The day after I finished a tech-free mindfulness retreat in the mountains, I was feeling grounded and in great spirits. On the train home, I began scrolling through new emails and notifications to see what I missed. One Facebook notification caught my eye, so I clicked on it. Within moments of scrolling through posts, familiar feelings of tightness in my chest and anxiety started to flood in.
Frequent social media use may have seemingly innocuous consequences like the fear of missing out or comparing yourself to others, but the stress and anxiety caused by those feelings (and our responses to them) have much broader implications. Diana Winston, Director of Mindfulness Education at UCLA’s Mindfulness Awareness Research Center, regularly discusses this with students and the general public. “We’re anxious,” Winston said at a recent daylong retreat, “It’s OK. It’s normal and appropriate. We’re living in stressful times.” Even though anxiety is an appropriate response to a threat, she said, “It often gets out of control.”
Winston went on to explain that worry and anxiety are different sides of the same coin: fear. When we are afraid of some future event, our thoughts turn to worry and our body sensations become overrun with anxiety. This is often felt as a tightened chest, racing heart, or a clenched jaw. Winston explained that while some amount of worry and rumination can be helpful, such as planning for contingencies and solving problems — we get into trouble when it goes unchecked. In those cases, we become reactive to fears and anxieties, instead of responsive to our actual situational needs.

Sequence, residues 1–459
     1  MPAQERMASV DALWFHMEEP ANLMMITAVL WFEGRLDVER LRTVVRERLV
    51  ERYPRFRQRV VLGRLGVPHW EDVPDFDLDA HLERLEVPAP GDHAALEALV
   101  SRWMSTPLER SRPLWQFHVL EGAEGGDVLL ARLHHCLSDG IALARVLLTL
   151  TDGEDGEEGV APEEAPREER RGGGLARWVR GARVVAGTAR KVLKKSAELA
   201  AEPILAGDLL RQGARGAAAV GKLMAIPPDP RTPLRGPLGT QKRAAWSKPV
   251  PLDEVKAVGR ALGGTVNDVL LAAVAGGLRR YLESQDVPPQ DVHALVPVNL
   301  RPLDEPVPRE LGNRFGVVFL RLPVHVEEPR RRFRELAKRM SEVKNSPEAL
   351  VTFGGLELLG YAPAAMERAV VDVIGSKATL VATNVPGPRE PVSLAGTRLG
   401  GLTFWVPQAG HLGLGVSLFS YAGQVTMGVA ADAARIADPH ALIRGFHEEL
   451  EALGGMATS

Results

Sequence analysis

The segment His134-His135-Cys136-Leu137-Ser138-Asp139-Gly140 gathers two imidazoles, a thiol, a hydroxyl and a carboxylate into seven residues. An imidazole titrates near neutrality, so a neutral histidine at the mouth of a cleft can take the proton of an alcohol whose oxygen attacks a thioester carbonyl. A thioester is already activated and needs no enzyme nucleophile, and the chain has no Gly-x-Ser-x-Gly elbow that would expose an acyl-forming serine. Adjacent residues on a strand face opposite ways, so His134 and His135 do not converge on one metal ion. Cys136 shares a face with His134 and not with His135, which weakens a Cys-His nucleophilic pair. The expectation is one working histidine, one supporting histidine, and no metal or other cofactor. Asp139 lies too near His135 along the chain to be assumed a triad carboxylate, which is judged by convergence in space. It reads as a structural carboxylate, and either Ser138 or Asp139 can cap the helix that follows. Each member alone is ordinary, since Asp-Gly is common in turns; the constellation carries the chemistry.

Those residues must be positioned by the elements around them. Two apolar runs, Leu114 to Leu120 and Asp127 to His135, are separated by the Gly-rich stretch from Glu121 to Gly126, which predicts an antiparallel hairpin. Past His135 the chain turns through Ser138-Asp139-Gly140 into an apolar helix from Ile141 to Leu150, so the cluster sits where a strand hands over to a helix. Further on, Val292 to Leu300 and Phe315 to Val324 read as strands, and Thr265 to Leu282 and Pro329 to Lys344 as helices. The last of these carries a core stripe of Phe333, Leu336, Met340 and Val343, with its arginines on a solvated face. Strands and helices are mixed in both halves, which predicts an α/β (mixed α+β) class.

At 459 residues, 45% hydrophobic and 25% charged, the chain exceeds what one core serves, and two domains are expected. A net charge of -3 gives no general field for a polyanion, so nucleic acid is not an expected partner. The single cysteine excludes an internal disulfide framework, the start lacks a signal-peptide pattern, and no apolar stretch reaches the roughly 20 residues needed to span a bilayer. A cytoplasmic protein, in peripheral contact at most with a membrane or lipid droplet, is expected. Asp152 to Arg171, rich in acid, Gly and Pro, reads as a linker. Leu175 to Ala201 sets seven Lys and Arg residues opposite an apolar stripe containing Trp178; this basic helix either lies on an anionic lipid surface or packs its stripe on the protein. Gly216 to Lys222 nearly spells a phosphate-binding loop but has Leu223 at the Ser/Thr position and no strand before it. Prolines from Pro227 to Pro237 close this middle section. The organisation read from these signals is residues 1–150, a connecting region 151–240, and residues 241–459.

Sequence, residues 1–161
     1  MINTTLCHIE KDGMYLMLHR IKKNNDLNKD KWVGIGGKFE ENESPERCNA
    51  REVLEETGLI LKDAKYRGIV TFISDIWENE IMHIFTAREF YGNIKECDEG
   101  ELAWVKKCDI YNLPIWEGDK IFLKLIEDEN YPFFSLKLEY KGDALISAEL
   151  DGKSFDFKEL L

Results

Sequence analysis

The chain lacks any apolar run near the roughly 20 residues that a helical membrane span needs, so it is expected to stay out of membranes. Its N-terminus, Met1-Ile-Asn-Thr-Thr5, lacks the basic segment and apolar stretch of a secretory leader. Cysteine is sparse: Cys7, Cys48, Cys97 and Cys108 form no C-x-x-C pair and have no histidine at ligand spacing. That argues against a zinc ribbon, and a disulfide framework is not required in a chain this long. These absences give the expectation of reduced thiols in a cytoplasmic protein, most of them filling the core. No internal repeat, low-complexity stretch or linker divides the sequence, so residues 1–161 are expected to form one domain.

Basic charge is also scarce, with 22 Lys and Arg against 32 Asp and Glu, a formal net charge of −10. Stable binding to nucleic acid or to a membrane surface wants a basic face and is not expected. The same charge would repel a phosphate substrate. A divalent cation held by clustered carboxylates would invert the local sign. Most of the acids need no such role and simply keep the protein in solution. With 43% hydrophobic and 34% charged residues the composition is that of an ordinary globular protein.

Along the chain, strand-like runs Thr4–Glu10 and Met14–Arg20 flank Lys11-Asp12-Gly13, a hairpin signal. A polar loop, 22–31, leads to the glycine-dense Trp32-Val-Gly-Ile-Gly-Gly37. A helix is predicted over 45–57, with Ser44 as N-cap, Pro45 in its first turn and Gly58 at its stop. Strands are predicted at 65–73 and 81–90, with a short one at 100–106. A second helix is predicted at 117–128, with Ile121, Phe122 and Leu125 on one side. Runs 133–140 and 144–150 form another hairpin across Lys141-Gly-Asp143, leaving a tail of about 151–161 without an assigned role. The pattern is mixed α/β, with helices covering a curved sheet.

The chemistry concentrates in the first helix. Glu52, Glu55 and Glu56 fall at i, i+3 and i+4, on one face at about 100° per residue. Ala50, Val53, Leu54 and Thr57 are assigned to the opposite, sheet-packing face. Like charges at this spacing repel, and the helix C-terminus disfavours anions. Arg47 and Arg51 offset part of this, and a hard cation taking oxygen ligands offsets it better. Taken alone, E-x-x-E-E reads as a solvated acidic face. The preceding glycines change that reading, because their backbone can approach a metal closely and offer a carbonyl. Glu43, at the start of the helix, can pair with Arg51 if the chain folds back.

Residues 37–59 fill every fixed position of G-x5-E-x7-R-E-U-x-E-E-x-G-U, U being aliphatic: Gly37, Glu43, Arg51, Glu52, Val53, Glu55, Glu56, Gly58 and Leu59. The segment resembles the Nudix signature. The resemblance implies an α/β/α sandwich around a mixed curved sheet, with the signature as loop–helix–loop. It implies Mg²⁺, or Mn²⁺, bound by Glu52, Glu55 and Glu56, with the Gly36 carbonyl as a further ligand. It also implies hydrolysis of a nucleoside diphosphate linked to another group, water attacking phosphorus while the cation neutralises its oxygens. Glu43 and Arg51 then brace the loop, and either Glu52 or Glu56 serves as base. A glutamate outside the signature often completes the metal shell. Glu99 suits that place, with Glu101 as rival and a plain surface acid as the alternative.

This fear response is the result of an influential neurological tango. One partner in this tango, located in front of the brain’s temporal lobes, is called the amygdala. Responsible for the perception of emotions, including fear, anger, sadness and the controlling of aggression, the amygdala is our threat detection control tower. It is crucial in protecting us from perceived danger (eg. staying out of a slithering snake’s path) and recognizing similar events in the future (eg. steering clear of snakes in general). It is fully developed at birth and it’s a deeply primal part of our neural structure. Often referred to as the reptilian mind, it exists in all vertebrates and, while it protects us from imminent danger, it often causes hyper-reactivity when it dances solo.
Mindfulness meditation becomes a powerful tool to supersede our more primal threat-based reactivity and replace it with more thoughtful responsiveness.
The other tango partner, called the prefrontal cortex, is located just behind the forehead. It is responsible for many higher level-thinking skills, including analytical processing, executive decision-making, and behavior modification. It keeps areas of our brain like the amygdala in check, instructing our brains as one researcher describes it, “I know it’s a snake, but it’s behind a piece of plexiglass, so we’re OK.” Greater activity in the amygdala and lower activity in the prefrontal cortex has been linked to aggressive behavior, increased anxiety and a lack of ability to make sound decisions. As opposed to the amygdala, it isn’t fully developed until a person’s mid-20’s. This means the choreography for the neural tango doesn’t approach balance until the third decade of life, assuming no history of trauma, neglect, or underlying mental health conditions.